Michael Avenatti
Credit: Luke Harold/Flickr

A factual statement doesn’t become any less factual just because the person who states it happens to be a somewhat controversial figure. To wit:

Michael Avenatti, fresh off his declaration that he may run for president in 2020, used his first big speech as a prospective candidate to call on the Democratic Party to reject Michelle Obama’s oft-quoted advice about President Trump and his allies: “When they go low, we go high.”

Mr. Avenatti, the hard-charging lawyer who represents the pornographic film star Stephanie Clifford, known as Stormy Daniels, did not once mention the former first lady in his keynote speech Friday night at the Democratic Wing Ding, a party fund-raiser in northern Iowa. But there was no mistaking his meaning.

“We must be a party that fights fire with fire,” Mr. Avenatti said to cheers from the audience, his voice rising. “When they go low, I say hit back harder.”

He received a thunderous ovation at the end of his speech, notably louder than the applause for the night’s other speakers, including Representative Tim Ryan of Ohio as well as Representative John Delaney of Maryland, who is running for president.

At times, his language verged on apocalyptic. The Democratic Party, he said, is “fighting for no less than the survival of our republic,” and doing so against “a man that wants to turn back the hands of time, to send us back to the Dark Ages.”

In such a fight, he continued, “we must honestly ask ourselves whether those that we fight for can afford our gentleness.”

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Why should any of these remarks be considered eyebrow-raising? Like another man who pursued the Democratic nomination, Avenatti is expressing some inconvenient truths.

Is it not accurate to observe that over the course of the past 30 years or so, generally speaking, Democrats have played by the rules of the Marquess of Queensberry, while Republicans have played by the rules of the Marquis de Sade? Is it not accurate to observe that the Democratic Party has, frankly, not been ruthless enough in its efforts to keep power out of the hands of Republicans?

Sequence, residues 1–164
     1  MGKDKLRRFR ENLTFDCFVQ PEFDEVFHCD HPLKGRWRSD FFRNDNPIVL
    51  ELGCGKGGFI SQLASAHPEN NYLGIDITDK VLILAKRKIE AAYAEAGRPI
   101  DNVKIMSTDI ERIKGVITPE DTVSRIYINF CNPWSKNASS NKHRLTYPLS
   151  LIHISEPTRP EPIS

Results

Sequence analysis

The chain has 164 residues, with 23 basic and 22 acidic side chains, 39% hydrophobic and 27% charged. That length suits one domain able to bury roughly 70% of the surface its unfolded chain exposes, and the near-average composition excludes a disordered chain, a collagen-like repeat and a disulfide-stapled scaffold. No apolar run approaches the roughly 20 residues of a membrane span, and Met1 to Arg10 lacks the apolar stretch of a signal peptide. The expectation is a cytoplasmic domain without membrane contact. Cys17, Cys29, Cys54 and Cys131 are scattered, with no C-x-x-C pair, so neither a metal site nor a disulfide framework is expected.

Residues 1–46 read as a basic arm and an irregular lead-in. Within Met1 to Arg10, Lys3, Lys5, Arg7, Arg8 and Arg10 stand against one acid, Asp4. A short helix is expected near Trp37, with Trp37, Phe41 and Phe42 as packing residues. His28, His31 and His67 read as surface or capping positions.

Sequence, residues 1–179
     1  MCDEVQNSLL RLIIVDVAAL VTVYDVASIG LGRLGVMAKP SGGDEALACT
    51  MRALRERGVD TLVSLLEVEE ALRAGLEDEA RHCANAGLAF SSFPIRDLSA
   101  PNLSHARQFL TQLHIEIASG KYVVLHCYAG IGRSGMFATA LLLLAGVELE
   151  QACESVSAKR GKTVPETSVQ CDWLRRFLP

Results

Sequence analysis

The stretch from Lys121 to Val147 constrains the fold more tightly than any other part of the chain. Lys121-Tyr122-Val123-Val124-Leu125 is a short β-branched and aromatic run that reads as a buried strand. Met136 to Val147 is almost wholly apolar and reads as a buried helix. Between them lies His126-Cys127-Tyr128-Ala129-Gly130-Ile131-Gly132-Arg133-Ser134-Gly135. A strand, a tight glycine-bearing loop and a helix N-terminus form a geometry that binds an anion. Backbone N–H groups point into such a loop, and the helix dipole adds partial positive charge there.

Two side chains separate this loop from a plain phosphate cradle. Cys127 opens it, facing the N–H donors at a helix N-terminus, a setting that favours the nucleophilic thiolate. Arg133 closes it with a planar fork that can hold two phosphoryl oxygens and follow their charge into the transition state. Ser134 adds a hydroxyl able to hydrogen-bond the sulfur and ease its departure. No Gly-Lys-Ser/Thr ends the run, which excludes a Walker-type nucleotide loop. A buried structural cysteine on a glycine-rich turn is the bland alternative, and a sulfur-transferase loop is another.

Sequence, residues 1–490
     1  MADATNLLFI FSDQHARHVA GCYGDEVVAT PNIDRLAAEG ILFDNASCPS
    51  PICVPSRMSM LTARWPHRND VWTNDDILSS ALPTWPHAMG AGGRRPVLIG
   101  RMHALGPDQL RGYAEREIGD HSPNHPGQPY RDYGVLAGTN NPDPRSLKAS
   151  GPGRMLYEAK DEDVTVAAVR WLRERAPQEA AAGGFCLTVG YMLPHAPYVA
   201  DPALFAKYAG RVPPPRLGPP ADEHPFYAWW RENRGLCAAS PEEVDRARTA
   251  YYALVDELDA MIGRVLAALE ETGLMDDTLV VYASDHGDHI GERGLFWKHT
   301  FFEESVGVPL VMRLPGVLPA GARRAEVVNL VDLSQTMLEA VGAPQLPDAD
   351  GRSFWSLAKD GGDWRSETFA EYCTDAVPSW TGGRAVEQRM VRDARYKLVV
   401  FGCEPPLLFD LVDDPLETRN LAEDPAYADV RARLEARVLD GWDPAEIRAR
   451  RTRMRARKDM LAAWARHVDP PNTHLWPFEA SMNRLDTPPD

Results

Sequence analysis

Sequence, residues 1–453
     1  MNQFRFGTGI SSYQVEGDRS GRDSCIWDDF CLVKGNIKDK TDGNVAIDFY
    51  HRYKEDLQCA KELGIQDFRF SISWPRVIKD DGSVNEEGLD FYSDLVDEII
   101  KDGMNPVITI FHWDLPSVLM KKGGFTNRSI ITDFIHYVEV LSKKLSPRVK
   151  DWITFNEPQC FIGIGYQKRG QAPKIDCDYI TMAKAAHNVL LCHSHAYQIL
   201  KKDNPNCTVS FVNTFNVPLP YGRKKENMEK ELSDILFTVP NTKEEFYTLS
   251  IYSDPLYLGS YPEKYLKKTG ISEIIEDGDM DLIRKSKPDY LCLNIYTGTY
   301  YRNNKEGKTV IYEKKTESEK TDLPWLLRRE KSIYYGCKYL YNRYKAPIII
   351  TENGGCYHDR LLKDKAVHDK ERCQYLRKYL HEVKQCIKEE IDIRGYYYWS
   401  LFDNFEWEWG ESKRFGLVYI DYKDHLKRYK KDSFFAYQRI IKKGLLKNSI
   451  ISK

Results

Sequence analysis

Avenatti is right that Michelle Obama’s “when-they-go-low-we-go-high” argument is politically naive–just as politically naive as some of the rhetoric her husband expressed in his famous 2004 Democratic National Convention speech. The likelihood of Avenatti becoming the 2020 Democratic nominee is about the same as my likelihood of getting married to Jennifer Lawrence, but his rhetoric in the Iowa speech was undeniably powerful. It’s not off-base to note that Avenatti’s argument about the need to forcefully and not timidly battle the forces of right-wing radicalism echoes Frederick Douglass’s famous words:

If there is no struggle there is no progress. Those who profess to favor freedom and yet deprecate agitation are men who want crops without plowing up the ground; they want rain without thunder and lightning. They want the ocean without the awful roar of its many waters … Power concedes nothing without a demand. It never did and it never will. Find out just what any people will quietly submit to and you have found out the exact measure of injustice and wrong which will be imposed upon them, and these will continue till they are resisted with either words or blows, or with both. The limits of tyrants are prescribed by the endurance of those whom they oppress.

When your child is beaten up by a bully, you don’t tell your child, “When they go low, we go high.” You tell your child to fight back against the bully until the bully is low on the ground. That’s the core of Avenatti’s message: Resistance requires ruthlessness. His words may strike some as harsh and indelicate–but can anyone honestly say his words are false?

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D. R. Tucker is a Massachusetts-based journalist who has served as the weekend contributor for the Washington Monthly since May 2014. He has also written for the Huffington Post, the Washington Spectator, the Metrowest Daily News, investigative journalist Brad Friedman's Brad Blog and environmental journalist Peter Sinclair's Climate Crocks.